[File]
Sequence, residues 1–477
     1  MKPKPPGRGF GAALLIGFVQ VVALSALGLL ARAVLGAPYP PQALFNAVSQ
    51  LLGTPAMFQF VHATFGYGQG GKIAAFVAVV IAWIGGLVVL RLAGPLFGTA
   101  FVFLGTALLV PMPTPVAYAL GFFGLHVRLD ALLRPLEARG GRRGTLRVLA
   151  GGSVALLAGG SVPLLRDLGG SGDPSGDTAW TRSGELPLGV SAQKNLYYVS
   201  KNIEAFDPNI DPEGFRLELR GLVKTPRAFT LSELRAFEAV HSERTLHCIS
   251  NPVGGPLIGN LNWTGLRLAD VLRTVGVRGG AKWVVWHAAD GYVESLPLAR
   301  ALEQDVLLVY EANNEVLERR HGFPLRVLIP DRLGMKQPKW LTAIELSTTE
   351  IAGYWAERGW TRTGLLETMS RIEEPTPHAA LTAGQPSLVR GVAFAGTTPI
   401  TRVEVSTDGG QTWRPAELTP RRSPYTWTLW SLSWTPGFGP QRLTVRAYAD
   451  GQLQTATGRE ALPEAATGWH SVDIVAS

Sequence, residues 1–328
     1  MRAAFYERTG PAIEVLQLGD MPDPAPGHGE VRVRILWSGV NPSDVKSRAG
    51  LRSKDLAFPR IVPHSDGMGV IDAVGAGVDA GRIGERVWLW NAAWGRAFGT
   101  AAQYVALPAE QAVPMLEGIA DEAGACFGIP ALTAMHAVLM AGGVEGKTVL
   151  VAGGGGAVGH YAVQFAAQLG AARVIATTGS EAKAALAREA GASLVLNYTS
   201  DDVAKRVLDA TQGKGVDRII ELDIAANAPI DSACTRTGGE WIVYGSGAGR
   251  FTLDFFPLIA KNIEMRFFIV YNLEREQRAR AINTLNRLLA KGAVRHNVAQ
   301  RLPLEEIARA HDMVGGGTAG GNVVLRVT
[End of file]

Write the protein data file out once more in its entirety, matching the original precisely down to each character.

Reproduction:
Sequence, residues 1–477
     1  MKPKPPGRGF GAALLIGFVQ VVALSALGLL ARAVLGAPYP PQALFNAVSQ
    51  LLGTPAMFQF VHATFGYGQG GKIAAFVAVV IAWIGGLVVL RLAGPLFGTA
   101  FVFLGTALLV PMPTPVAYAL GFFGLHVRLD ALLRPLEARG GRRGTLRVLA
   151  GGSVALLAGG SVPLLRDLGG SGDPSGDTAW TRSGELPLGV SAQKNLYYVS
   201  KNIEAFDPNI DPEGFRLELR GLVKTPRAFT LSELRAFEAV HSERTLHCIS
   251  NPVGGPLIGN LNWTGLRLAD VLRTVGVRGG AKWVVWHAAD GYVESLPLAR
   301  ALEQDVLLVY EANNEVLERR HGFPLRVLIP DRLGMKQPKW LTAIELSTTE
   351  IAGYWAERGW TRTGLLETMS RIEEPTPHAA LTAGQPSLVR GVAFAGTTPI
   401  TRVEVSTDGG QTWRPAELTP RRSPYTWTLW SLSWTPGFGP QRLTVRAYAD
   451  GQLQTATGRE ALPEAATGWH SVDIVAS

Sequence, residues 1–328
     1  MRAAFYERTG PAIEVLQLGD MPDPAPGHGE VRVRILWSGV NPSDVKSRAG
    51  LRSKDLAFPR IVPHSDGMGV IDAVGAGVDA GRIGERVWLW NAAWGRAFGT
   101  AAQYVALPAE QAVPMLEGIA DEAGACFGIP ALTAMHAVLM AGGVEGKTVL
   151  VAGGGGAVGH YAVQFAAQLG AARVIATTGS EAKAALAREA GASLVLNYTS
   201  DDVAKRVLDA TQGKGVDRII ELDIAANAPI DSACTRTGGE WIVYGSGAGR
   251  FTLDFFPLIA KNIEMRFFIV YNLEREQRAR AINTLNRLLA KGAVRHNVAQ
   301  RLPLEEIARA HDMVGGGTAG GNVVLRVT